When pushing on the stick, MCAS activation would feedback as a centering reaction on the stick.

That is not the action of a stick pusher.


MCAS is on the aeroplane because control authority is marginal at high AoA.

The trimming reason is largely a red herring. If Boeing were seeking to equalise stick load for MAX vs. NG, the appropriate solution would be a continuously intervening system - not something activating at a threshold AoA that then needs manual retrim by the pilot when out of the high AoA zone.
 
Amiga500
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Re: MAX certification: new systemic issues identified

Wed Mar 27, 2019 9:16 am

OldAeroGuy wrote:
There is absolutely no evidence that either of these accidents involved a stall. Stall recovery was not a factor in the Lion Air accident and I suspect that it wasn't in Ethiopian either.


Indeed. The problem is more likely to be at the other end of the spectrum - overspeed and blowback.



OldAeroGuy wrote:
A region of reduced stability and "stick lightening" for Flaps Up is certainly possible but I sincerely doubt that Boeing test pilots would have accepted or the FAA would have certified an airplane that was unstable during a stall with a low gain augmentation system like MCAS. And I'm sure that EASA would not have done so. EASA typically sends an evaluation pilot for a 737 MAX type certification and that pilot would have wanted to see stalls with MCAS on and off.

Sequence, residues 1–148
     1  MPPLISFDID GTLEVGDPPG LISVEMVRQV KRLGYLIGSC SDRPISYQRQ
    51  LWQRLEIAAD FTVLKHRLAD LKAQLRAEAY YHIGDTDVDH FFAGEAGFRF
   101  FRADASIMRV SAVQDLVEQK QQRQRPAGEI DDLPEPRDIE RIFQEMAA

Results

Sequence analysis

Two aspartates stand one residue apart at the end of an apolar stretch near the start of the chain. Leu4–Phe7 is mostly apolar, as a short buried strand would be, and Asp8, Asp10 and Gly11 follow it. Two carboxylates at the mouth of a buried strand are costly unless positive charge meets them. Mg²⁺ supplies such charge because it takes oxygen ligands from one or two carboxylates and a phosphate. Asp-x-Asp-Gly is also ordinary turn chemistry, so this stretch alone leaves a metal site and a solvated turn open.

Hopefully that is the case.
 
OldAeroGuy
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Re: MAX certification: new systemic issues identified

Wed Mar 27, 2019 2:04 pm

Amiga500 wrote:
I'm not talking about pulling on the stick though (I agree with you - it would increase pull forced required to maintain/increase AoA - but note it would decrease pull force for consistent elevator deflection)

When pushing on the stick, MCAS activation would feedback as a centering reaction on the stick.

That is not the action of a stick pusher.


No, it's more like a stick nudger that gently increases stick force required to hold or increase AoA. A pusher would apply enough force to make it very difficult for the pilot to hold the stick in an aft position.

Amiga500 wrote: